7. Robotics — Tesla’s overly enhanced scientific mind led him to the idea that all living beings are merely driven by external impulses. He stated: “I have by every thought and act of mine, demonstrated, and does so daily, to my absolute satisfaction that I am an automaton endowed with power of movement, which merely responds to external stimuli.” Thus, the concept of the robot was born. However, an element of the human remained present, as Tesla asserted that these human replicas should have limitations — namely growth and propagation. Nevertheless, Tesla unabashedly embraced all of what intelligence could produce. His visions for a future filled with intelligent cars, robotic human companions, and the use of sensors, and autonomous systems are detailed in a must-read entry in the Serbian Journal of Electrical Engineering, 2006 (PDF).
8. Laser — Tesla’s invention of the laser may be one of the best examples of the good and evil bound up together within the mind of man. Lasers have transformed surgical applications in an undeniably beneficial way, and they have given rise to much of our current digital media. However, with this leap in innovation we have also crossed into the land of science fiction. From Reagan’s “Star Wars” laser defense system to today’s Orwellian “non-lethal” weapons’ arsenal, which includes laser rifles and directed energy “death rays,” there is great potential for development in both directions.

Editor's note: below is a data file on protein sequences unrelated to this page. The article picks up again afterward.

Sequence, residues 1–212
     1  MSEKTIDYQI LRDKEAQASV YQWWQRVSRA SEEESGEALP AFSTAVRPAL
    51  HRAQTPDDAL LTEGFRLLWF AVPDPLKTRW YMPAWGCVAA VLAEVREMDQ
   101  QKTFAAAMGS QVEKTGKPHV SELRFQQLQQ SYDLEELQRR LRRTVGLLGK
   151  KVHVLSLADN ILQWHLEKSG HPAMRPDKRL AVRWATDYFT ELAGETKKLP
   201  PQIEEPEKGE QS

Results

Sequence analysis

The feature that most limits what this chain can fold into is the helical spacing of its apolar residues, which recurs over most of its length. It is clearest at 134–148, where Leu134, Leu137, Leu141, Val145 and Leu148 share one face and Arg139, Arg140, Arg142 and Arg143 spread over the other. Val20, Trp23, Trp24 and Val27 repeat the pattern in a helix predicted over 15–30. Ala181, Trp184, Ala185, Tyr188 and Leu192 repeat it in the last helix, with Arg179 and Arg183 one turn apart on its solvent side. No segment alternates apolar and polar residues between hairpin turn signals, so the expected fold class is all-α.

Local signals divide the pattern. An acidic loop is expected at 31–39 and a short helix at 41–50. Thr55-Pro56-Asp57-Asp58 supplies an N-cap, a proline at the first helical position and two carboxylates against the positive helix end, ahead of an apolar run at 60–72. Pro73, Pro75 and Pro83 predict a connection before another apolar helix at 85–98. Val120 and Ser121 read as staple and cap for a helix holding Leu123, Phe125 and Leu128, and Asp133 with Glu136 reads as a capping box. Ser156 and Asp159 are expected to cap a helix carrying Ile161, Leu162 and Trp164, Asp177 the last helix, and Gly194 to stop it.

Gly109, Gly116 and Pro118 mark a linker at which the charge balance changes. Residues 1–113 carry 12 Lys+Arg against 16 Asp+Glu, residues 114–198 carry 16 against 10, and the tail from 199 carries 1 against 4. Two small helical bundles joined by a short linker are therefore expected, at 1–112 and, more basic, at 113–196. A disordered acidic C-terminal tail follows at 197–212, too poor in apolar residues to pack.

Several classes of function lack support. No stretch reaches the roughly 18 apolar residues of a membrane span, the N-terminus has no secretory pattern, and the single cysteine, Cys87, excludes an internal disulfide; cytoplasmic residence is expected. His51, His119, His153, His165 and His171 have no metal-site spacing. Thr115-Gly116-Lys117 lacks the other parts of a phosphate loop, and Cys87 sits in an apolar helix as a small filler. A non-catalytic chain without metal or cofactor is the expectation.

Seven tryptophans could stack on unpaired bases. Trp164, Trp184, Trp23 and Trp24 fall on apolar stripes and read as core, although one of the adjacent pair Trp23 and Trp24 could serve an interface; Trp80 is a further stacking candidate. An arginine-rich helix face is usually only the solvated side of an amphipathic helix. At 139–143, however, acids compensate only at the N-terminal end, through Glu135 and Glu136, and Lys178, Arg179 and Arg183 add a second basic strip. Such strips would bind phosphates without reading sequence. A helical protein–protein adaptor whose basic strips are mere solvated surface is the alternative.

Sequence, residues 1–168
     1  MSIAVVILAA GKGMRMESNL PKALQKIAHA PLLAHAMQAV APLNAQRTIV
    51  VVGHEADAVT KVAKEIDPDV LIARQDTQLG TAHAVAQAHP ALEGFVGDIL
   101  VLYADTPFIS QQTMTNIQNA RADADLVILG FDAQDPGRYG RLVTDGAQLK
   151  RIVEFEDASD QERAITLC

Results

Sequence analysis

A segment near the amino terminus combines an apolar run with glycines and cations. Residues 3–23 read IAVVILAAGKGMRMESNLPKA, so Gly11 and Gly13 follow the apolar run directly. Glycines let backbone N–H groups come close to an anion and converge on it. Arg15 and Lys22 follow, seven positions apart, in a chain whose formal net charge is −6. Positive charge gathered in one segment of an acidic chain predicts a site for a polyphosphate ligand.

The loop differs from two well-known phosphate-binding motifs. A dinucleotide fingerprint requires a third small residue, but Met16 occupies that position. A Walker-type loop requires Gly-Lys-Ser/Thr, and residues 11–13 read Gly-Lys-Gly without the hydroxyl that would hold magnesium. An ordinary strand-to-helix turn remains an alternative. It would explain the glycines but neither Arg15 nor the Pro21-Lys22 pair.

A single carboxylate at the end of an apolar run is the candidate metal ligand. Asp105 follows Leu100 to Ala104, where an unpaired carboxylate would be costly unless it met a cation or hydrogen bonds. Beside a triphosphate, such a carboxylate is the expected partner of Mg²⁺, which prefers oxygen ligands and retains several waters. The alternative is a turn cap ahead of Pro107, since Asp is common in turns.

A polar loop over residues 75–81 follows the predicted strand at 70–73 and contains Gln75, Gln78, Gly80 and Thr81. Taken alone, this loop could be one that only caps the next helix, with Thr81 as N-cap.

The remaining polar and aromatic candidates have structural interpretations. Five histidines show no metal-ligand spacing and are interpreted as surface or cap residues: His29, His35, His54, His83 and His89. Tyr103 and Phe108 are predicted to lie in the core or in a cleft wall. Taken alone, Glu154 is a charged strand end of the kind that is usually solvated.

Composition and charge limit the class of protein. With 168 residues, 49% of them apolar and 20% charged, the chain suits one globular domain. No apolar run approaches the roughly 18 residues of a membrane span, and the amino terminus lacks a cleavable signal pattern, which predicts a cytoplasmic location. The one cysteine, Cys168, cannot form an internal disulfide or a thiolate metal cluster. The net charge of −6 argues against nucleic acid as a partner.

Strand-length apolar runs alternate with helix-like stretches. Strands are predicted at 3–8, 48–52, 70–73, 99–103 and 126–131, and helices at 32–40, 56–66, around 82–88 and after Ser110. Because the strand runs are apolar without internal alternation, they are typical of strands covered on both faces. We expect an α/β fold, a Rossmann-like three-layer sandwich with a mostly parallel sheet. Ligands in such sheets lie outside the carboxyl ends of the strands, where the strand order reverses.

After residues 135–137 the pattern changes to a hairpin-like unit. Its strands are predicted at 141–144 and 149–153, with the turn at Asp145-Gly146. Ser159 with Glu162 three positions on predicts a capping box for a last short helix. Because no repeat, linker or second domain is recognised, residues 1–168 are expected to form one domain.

9 and 10. Wireless Communications and Limitless Free Energy — These two are inextricably linked, as they were the last straw for the power elite — what good is energy if it can’t be metered and controlled? Free? Never. J.P. Morgan backed Tesla with $150,000 to build a tower that would use the natural frequencies of our universe to transmit data, including a wide range of information communicated through images, voice messages, and text. This represented the world’s first wireless communications, but it also meant that aside from the cost of the tower itself, the universe was filled with free energy that could be utilized to form a world wide web connecting all people in all places, as well as allow people to harness the free energy around them. Essentially, the 0′s and 1′s of the universe are embedded in the fabric of existence for each of us to access as needed. Nikola Tesla was dedicated to empowering the individual to receive and transmit this data virtually free of charge. But we know the ending to that story . . . until now?
The release of Nikola Tesla’s technical and scientific research — specifically his research into harnessing electricity from the ionosphere at a facility called Wardenclyffe — is a necessary step toward true freedom of information. Please add your voice by sharing this information with as many people as possible.
For additional information about the demand for release, please visit: releaseteslasresearch.weebly.com
As they state:
Tell your friends, bring it up and discuss it at your next general assembly, do whatever you can to get the word out, organize locally to make a stand for the release of Nikola Tesla’s research…. America is tired of corrupt corporate greed, supported by The American government, holding us back in a stagnant society in the name of profit . . . The Energy Crisis is a lie
As an aside: there are some who have pointed out that Tesla’s experimentation with the ionosphere very well could have caused the massive explosion over Tunguska, Siberia in 1908, which leveled an estimated 60 million trees over 2,150 square kilometers, and may even have led to the much maligned HAARP technology. I submit that we would do well to remember that technology is never the true enemy; it is the misuse of technology that can enslave rather than free mankind from its animal-level survivalism.